RIP John Mortimer
One of my favorite writers, John Mortimer, died Friday at the age of 85. He was best known for his short stories about Rumpole, a criminal defense lawyer working in the Old Bailey. As far as I know, it is the only long-running series about criminal defense, and certainly the one most sympathetic to the trade. Mortimer saw defense lawyers as essential guardians of the rights of all citizens, and as persons who operated in the face of skepticism and hostility from the police, prosecutors, judges, and much of the public. (John Grisham approaches defense lawyers similarly, but his writing has never appealed to me that much.)
It seems to me that in these days of Law & Order, we worship prosecutors too much. We've seen the tragedy of this attitude in Texas and in Houston in particular. I would like pop culture to re-elevate the defense lawyer, as it did in the days of Anatomy of a Murder and To Kill a Mockingbird. And if this could happen with the same wit that Mortimer brought to the Rumpole stories, all the better.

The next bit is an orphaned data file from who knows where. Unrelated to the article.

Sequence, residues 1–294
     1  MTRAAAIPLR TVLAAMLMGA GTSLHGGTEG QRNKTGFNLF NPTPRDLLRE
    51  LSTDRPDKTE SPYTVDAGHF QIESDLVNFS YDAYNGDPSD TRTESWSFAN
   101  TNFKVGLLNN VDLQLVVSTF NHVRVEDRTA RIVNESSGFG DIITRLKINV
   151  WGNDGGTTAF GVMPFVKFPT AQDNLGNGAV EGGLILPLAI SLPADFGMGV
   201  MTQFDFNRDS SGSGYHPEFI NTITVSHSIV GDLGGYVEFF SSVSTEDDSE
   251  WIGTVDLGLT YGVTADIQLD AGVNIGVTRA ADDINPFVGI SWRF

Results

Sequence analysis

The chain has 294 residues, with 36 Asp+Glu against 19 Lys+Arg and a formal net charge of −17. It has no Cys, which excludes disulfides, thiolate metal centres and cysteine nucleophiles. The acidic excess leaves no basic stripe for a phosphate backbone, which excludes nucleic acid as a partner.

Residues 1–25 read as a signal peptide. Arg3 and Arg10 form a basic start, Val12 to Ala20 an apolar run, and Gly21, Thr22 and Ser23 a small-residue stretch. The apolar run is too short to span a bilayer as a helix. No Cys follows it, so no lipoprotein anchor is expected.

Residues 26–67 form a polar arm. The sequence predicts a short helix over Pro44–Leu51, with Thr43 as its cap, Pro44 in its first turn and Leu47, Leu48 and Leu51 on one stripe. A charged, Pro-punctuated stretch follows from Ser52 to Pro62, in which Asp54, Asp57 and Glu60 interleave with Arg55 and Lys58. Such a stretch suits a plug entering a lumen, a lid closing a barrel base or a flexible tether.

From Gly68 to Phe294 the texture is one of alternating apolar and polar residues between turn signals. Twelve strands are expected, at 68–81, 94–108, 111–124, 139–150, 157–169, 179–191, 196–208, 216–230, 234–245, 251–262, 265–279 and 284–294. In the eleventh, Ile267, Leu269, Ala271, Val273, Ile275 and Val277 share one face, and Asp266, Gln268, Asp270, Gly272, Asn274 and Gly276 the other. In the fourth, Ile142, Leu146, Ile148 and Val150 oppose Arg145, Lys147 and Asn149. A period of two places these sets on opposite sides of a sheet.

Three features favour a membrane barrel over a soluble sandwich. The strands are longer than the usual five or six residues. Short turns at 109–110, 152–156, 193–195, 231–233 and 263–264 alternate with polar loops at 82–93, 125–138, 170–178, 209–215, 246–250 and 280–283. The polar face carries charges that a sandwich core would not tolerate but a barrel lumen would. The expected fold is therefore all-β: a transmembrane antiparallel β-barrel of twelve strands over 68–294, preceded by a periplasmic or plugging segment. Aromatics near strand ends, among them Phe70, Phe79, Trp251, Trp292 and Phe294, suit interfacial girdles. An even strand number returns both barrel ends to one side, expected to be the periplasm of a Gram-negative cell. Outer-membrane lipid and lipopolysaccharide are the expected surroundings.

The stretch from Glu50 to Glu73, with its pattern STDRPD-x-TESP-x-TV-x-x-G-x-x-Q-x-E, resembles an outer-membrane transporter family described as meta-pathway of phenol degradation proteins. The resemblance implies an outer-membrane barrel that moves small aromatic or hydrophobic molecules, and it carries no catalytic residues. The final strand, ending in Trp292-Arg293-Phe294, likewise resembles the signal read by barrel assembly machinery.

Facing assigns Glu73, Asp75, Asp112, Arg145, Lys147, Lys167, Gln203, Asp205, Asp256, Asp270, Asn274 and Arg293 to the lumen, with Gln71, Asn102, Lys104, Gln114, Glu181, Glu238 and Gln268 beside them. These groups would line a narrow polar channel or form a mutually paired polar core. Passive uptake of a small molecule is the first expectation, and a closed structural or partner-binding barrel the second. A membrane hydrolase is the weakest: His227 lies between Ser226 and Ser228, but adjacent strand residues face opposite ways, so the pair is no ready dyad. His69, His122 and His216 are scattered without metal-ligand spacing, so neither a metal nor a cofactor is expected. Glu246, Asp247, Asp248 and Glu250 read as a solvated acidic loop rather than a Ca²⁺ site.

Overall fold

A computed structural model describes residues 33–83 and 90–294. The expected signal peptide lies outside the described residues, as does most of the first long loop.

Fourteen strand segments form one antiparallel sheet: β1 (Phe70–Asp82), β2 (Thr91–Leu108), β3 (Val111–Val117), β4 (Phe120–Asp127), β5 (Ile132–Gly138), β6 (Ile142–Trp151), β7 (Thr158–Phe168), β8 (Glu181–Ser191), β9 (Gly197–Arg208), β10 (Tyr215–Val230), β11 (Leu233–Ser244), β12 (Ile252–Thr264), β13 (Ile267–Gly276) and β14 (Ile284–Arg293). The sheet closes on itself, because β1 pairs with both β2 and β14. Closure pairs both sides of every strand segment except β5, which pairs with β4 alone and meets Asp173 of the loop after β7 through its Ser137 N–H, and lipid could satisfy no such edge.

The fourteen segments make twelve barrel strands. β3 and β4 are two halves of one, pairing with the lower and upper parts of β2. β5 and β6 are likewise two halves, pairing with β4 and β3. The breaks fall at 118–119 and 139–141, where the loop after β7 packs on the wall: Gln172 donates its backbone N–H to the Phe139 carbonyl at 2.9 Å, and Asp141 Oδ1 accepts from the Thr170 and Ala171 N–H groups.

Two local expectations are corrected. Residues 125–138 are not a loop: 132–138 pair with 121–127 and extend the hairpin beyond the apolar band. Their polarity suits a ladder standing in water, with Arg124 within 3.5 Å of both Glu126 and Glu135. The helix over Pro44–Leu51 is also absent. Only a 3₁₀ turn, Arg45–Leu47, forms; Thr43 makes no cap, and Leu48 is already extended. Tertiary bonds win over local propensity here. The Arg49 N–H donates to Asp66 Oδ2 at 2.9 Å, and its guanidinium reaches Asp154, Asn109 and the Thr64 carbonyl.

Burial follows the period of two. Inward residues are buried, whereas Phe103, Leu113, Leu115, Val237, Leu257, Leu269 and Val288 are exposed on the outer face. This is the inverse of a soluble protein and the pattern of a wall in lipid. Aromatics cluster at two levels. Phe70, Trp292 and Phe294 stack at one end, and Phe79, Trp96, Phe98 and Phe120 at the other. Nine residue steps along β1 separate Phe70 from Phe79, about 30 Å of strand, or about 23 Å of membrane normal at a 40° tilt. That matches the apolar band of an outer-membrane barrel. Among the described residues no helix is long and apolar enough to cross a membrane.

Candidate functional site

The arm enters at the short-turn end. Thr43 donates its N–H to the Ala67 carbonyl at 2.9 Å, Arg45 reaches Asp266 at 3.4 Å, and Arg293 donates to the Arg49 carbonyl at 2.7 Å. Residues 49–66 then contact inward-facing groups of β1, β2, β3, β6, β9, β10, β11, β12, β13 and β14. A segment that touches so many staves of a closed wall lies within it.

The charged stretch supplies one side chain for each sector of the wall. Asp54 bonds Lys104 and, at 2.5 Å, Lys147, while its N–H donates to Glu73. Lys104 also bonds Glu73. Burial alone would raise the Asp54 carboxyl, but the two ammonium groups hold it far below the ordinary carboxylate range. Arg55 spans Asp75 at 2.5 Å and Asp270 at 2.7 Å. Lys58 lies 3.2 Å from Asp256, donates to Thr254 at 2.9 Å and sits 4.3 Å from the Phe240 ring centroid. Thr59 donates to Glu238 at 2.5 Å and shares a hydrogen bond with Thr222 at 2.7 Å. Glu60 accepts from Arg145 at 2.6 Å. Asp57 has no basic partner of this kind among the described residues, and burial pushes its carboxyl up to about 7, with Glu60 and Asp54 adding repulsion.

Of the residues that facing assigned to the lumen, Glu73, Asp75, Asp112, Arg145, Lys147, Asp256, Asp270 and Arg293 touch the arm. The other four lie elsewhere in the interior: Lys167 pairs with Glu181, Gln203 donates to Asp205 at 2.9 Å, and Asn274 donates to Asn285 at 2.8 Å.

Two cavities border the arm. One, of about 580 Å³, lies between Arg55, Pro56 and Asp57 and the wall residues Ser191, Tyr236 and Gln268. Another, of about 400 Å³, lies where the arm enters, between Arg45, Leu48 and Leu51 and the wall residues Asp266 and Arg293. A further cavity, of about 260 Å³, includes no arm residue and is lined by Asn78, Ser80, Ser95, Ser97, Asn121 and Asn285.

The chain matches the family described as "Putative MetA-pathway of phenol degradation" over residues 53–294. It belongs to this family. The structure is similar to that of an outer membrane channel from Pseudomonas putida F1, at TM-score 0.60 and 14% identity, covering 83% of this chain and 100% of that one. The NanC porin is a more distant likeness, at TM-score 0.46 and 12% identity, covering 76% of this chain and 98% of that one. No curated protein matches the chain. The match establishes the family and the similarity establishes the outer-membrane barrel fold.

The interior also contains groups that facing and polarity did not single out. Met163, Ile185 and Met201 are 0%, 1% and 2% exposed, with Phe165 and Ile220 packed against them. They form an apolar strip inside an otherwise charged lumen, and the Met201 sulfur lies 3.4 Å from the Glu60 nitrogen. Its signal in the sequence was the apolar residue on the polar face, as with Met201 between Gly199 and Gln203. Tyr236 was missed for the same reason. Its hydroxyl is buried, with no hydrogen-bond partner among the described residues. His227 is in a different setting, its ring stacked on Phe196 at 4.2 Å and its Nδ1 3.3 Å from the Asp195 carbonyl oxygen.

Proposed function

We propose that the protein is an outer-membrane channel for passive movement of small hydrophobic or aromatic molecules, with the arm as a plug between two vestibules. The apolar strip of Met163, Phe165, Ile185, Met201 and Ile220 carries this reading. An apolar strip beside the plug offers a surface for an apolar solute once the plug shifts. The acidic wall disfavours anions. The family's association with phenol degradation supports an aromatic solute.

Mortimer did a lot more than write Rumpole stories. I specifically want to mention two excellent novels, satires of the Thatcher era, Paradise Postponed and its sequel, Titmuss Regained. Check them out if you have a chance.